A former president of the Irish Auctioneers and Valuers Institute has clashed with one of Ireland's biggest estate agents over crashing property prices.
Aidan O'Hogan, who is a former chairman of Savills estate agents, says prices are still falling and that young people should rent homes and not buy while prices continue to fall over the next few years.
However, Savills itself -- which employs Mr O'Hogan as a consultant -- has insisted that its advice to potential purchasers is the exact opposite of Mr O'Hogan's.
Mr O'Hogan said that rents fell much more than house prices and there was a huge selection of houses out there for rent.
He claimed house prices had fallen by 50pc and it would be a few years yet before they stopped falling.
He acknowledged that rent was "dead money", but said that the first three years of a mortgage was also dead money as initial payments went only to pay off the interest on the mortgage.
Buying now would mean young people were tying themselves to a mortgage deal at a time when they needed to be flexible as they may need to move jobs and would probably end up in and out of work.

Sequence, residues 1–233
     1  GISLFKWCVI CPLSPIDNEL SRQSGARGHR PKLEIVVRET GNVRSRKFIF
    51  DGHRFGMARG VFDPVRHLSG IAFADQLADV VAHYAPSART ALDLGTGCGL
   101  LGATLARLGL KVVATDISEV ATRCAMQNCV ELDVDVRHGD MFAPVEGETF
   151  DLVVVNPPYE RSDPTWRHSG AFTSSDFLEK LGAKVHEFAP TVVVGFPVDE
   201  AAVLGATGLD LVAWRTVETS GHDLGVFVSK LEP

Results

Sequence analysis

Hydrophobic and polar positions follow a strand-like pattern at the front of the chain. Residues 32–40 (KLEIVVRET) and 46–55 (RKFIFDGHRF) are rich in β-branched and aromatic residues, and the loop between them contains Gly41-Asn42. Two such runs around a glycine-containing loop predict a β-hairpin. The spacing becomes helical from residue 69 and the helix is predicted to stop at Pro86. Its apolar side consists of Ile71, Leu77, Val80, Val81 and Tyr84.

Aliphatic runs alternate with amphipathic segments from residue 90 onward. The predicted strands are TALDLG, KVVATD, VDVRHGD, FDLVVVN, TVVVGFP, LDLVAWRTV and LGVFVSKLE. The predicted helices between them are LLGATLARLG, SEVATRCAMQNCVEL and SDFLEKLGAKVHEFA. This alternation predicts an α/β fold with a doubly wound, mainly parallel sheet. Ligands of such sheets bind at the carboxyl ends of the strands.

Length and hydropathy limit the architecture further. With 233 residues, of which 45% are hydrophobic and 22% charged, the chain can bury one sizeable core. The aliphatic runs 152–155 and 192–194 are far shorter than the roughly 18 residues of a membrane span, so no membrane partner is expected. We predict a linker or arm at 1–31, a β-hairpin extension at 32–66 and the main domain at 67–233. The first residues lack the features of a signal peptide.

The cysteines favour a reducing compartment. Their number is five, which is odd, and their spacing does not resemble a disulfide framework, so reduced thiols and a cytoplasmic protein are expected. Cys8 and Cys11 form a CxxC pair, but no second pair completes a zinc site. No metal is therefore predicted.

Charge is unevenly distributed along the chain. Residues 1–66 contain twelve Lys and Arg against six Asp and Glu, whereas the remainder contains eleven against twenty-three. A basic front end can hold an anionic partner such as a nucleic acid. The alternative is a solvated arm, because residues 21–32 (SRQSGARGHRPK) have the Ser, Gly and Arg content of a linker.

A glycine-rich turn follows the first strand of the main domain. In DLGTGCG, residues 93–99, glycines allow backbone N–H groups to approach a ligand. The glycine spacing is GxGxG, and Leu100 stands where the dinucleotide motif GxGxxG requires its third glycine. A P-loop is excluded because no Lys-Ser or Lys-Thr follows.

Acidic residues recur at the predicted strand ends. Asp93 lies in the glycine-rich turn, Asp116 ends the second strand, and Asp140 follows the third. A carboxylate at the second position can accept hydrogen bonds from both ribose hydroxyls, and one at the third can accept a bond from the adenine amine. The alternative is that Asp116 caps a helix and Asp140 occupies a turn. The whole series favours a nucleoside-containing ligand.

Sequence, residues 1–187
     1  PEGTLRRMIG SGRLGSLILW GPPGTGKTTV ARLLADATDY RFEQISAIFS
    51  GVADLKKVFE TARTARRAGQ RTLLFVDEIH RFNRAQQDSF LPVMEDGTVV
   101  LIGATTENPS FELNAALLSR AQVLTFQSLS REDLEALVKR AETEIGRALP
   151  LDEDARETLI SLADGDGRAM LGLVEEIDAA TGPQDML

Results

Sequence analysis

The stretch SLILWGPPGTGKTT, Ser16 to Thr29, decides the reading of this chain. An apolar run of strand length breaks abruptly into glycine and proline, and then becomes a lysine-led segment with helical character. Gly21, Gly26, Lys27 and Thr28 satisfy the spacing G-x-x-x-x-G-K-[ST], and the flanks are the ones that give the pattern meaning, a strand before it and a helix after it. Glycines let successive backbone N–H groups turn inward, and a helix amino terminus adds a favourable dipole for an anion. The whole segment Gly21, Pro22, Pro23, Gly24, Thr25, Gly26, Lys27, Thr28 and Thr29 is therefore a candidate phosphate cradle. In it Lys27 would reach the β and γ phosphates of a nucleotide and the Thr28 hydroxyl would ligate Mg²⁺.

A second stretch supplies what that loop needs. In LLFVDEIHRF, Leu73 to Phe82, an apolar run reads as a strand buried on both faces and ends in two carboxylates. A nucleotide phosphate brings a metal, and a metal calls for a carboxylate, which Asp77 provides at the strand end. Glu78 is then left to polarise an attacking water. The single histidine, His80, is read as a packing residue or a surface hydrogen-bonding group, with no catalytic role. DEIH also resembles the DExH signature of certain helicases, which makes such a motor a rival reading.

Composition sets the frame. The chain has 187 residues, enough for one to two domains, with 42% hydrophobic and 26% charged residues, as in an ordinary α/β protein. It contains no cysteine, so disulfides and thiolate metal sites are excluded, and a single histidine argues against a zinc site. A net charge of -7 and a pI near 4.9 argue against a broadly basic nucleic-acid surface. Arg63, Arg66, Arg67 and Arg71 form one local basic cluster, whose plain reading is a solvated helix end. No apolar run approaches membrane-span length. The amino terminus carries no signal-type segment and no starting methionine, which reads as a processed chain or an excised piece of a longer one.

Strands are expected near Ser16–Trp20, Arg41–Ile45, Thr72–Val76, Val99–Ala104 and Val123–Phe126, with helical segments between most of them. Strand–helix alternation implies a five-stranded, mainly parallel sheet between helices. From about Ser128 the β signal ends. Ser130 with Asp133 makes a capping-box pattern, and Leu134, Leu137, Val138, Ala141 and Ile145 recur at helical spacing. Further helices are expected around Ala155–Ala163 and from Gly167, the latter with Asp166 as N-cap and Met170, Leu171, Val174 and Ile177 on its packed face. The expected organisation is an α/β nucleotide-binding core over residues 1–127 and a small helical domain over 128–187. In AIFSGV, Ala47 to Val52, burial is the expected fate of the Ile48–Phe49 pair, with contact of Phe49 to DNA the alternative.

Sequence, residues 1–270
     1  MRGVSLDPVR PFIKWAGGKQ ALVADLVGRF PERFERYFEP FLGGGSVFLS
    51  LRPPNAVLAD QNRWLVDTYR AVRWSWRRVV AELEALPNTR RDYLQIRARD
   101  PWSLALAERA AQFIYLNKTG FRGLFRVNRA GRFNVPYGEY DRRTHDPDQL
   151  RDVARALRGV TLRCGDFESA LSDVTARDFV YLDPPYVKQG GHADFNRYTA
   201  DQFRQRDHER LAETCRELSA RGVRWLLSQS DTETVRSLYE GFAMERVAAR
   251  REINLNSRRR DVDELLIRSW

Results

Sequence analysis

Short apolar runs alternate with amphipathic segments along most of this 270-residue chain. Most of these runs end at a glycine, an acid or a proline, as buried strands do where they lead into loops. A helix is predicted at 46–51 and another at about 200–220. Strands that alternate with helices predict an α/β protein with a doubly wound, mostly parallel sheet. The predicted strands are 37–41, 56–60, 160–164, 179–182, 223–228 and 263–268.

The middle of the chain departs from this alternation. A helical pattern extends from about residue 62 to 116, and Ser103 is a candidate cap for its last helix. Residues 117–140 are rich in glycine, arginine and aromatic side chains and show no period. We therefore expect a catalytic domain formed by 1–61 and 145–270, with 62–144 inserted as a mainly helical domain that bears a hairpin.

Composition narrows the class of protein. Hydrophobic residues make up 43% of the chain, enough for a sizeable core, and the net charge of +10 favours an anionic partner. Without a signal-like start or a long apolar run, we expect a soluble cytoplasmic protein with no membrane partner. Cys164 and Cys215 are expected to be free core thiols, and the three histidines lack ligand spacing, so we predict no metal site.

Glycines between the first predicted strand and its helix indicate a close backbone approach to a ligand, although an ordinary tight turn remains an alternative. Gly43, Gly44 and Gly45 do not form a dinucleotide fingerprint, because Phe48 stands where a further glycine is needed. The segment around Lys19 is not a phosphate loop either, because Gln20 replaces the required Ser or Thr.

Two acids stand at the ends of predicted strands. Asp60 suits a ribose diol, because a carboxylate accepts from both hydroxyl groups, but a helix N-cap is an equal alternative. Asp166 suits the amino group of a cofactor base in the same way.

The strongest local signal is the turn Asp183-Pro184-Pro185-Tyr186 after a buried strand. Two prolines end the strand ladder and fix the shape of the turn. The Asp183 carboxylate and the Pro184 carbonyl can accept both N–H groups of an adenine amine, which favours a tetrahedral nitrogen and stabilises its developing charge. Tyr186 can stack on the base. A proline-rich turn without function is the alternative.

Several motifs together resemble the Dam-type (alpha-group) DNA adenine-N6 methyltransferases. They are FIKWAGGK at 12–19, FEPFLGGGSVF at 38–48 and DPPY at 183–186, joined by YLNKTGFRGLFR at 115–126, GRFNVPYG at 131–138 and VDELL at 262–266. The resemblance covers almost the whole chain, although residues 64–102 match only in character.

Although he works as a consultant to Savills, Mr O'Hogan's views are not shared by the agency, which is not involved in the rental market.
Head of residential sales at Savills, Ronan O'Driscoll, said Savills' view was that people should buy rather than rent, especially as prices, particularly in the second-hand market in suburban areas, were beginning to bottom out.
But Mr O'Hogan disagreed.
"Young people should rent and not commit to a heavy mortgage when they do not need to. There is an enormous supply of stock out there," he said.
Last week a study by academics based at NUI Maynooth concluded that there were 300,000 unoccupied houses in the State.
Mr O'Hogan said that buying was a good idea for established couples who find a well-priced house in an area where they want to live, but younger people should remain flexible.
The Irish have an obsession with buying, but that does not make sense in the current market.
Mr O'Hogan acknowledged that interest rates were set to rise, while fixed rates were at historically low levels.
The property market would take five years to recover, said Mr O'Hogan, and then it would only return to 2002 and 2003 levels.
See 'Timing it right' in 'Your Money' Section, pages 34, 35, 38, 39